NEW YORK, United States — In many ways, starting a new brand has never been easier. Social media platforms like Instagram and e-commerce services such as Shopify provide the infrastructure for even the smallest companies to get their product out there.
But as online advertising becomes more expensive and less effective, entrepreneurs need to be creative about how they acquire customers and scale their business for growth as they go up against the big industry players who are attempting similar marketing strategies. In BoF’s recent case study, How to Market a New Brand, eight young businesses in the fashion and beauty industries share how they’ve built brand awareness without the advantages of a large marketing budget or a famous founder.
K-Beauty-inspired Glow Recipe is one such example. Founded by former L’Oréal brand managers Sarah Lee and Christine Chang, the business started out in 2014 as a curated multi-brand seller of Korean beauty products before pivoting to make its own line in 2017. Each product Glow Recipe launches contains a hero fruit ingredient, building on a wider brand philosophy of simplifying and demystifying the often-confusing world of Korean skincare regimens for customers.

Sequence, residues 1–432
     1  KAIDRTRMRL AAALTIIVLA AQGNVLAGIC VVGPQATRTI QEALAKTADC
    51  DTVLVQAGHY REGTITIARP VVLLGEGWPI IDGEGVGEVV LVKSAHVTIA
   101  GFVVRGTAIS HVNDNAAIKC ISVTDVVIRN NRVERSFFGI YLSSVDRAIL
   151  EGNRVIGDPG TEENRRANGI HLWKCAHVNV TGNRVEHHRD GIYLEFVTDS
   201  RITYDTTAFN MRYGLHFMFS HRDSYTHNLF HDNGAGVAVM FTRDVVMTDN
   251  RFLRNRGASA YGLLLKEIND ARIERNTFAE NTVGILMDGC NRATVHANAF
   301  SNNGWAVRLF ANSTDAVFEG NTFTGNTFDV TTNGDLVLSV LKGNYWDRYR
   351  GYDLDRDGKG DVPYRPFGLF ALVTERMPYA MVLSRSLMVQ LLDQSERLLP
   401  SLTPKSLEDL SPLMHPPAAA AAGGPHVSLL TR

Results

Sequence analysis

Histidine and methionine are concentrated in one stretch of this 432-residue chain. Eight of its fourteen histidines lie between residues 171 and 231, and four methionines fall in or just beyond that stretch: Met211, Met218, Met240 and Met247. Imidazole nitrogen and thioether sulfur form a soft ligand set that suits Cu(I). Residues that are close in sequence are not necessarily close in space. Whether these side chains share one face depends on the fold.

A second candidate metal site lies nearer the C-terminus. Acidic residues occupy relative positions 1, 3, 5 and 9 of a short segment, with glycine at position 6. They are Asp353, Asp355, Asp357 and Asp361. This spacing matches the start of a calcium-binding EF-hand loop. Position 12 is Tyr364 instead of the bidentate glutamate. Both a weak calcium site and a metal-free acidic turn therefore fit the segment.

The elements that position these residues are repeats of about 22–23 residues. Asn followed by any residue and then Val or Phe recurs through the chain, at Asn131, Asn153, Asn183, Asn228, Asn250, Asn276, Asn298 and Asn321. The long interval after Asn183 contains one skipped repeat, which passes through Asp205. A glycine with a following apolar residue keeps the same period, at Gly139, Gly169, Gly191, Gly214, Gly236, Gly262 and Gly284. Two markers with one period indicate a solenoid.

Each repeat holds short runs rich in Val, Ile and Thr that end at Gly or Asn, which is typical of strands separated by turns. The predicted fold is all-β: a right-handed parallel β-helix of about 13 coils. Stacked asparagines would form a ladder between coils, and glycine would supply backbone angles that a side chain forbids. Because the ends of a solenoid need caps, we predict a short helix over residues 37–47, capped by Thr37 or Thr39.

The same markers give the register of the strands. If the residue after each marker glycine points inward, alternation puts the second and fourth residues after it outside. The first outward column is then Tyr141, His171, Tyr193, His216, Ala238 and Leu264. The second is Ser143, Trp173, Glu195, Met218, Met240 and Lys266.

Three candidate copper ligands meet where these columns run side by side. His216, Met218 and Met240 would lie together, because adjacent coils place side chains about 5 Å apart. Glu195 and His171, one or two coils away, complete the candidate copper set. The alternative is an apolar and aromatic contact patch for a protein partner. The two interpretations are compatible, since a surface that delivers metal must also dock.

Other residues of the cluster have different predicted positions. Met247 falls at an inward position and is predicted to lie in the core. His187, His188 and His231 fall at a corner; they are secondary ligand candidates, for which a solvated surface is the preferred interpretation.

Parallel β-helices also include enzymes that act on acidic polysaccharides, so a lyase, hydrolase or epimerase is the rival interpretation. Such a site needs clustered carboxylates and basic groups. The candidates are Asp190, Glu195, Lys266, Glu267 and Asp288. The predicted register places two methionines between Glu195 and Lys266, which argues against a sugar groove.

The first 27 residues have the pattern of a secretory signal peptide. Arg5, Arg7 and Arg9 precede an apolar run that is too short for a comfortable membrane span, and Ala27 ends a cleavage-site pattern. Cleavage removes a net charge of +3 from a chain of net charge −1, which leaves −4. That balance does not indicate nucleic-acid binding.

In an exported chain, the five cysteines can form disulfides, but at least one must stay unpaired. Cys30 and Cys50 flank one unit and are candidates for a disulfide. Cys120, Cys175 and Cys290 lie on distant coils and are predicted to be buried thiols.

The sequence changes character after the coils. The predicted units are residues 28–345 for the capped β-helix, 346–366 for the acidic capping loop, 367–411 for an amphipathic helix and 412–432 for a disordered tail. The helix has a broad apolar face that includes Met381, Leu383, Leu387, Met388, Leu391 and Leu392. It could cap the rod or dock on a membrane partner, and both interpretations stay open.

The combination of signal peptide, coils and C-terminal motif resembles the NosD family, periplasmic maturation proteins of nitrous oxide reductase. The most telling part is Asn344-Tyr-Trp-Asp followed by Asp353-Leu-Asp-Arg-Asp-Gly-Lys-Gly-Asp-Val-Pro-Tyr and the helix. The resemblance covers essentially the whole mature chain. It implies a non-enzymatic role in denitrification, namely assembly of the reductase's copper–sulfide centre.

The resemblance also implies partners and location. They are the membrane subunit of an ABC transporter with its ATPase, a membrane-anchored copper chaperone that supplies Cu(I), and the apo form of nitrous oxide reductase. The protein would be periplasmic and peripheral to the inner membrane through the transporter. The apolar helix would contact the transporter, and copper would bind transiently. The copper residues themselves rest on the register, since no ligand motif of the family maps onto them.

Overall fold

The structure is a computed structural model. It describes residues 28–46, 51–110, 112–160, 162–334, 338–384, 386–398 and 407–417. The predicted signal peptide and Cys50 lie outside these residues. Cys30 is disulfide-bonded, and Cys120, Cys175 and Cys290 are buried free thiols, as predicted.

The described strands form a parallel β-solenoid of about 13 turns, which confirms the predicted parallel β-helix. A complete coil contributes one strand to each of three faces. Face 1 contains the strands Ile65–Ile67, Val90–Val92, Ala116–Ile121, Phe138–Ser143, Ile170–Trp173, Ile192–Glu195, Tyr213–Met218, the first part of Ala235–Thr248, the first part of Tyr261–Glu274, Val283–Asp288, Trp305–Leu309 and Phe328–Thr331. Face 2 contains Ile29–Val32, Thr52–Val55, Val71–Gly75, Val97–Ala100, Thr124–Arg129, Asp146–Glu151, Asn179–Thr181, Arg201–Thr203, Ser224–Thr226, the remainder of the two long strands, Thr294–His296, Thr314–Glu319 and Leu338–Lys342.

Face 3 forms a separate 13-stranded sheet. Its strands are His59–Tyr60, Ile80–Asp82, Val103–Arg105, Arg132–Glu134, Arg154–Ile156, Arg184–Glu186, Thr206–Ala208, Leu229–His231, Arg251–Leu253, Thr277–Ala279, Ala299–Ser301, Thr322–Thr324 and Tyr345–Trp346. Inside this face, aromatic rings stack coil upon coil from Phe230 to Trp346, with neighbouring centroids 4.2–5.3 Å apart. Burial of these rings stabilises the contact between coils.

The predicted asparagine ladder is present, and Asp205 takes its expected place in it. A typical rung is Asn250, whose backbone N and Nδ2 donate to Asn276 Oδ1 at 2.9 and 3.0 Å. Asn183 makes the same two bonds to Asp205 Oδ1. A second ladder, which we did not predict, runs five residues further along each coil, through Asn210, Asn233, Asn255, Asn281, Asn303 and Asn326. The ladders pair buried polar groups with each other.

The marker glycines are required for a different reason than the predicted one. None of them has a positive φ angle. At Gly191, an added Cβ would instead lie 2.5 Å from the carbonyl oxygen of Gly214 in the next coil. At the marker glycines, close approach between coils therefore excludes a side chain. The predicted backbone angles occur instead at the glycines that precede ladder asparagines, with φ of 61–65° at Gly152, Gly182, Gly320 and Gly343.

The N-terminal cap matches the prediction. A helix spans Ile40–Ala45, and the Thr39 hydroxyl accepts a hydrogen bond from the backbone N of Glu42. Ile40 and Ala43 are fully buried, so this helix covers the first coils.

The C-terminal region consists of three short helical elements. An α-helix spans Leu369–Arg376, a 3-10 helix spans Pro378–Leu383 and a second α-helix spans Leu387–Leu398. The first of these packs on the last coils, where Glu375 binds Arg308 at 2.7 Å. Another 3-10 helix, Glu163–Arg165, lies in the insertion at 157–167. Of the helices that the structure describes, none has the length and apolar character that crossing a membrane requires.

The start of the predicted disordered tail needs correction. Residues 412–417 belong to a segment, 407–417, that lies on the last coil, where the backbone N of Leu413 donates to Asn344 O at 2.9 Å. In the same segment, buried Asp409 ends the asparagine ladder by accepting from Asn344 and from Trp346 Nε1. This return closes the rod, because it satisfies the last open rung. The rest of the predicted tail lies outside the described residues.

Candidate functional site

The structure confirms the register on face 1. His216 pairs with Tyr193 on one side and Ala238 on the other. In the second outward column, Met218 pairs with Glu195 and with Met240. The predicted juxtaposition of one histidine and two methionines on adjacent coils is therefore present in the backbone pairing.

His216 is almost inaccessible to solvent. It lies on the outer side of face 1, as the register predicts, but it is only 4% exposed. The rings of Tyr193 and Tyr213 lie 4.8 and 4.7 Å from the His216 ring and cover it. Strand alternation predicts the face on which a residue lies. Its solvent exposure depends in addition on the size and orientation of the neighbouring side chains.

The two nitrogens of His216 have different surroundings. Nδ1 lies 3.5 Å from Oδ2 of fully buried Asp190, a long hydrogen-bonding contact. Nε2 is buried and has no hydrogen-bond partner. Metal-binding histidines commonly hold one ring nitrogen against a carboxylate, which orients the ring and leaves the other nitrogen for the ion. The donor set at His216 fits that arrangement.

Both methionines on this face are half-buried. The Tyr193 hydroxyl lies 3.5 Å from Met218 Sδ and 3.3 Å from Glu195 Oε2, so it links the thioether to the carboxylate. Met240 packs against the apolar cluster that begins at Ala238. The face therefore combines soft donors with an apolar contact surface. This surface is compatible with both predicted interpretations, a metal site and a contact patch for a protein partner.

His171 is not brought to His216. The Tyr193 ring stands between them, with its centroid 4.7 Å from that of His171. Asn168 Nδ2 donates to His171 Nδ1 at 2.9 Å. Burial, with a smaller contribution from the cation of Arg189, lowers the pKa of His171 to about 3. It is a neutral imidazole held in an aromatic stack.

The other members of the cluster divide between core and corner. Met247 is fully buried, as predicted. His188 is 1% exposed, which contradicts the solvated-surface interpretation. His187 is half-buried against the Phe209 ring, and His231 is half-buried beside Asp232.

Drawing from their experience at L’Oréal, which they credit for cultivating an “entrepreneurial” mindset where “you are ultimately responsible for everything,” Lee and Chang kept their PR, marketing and product development in-house — all within a limited budget. In a digital live event available exclusively to BoF Professional members, the duo sat down with BoF Executive Editor Lauren Sherman and Senior Correspondent Chantal Fernandez to explain the strategy behind their success. Here are the key insights they shared:
Finding a Purpose
- “A lot of K-beauty brands being brought over [to the US] erred on the more promotional and kitschy side, so there was this real hunger to know more about K-beauty, to understand more about skincare and routines,” said Chang. “Because there was no long-term brand-building happening, we foresaw that some of these brands would not stand the test of time.”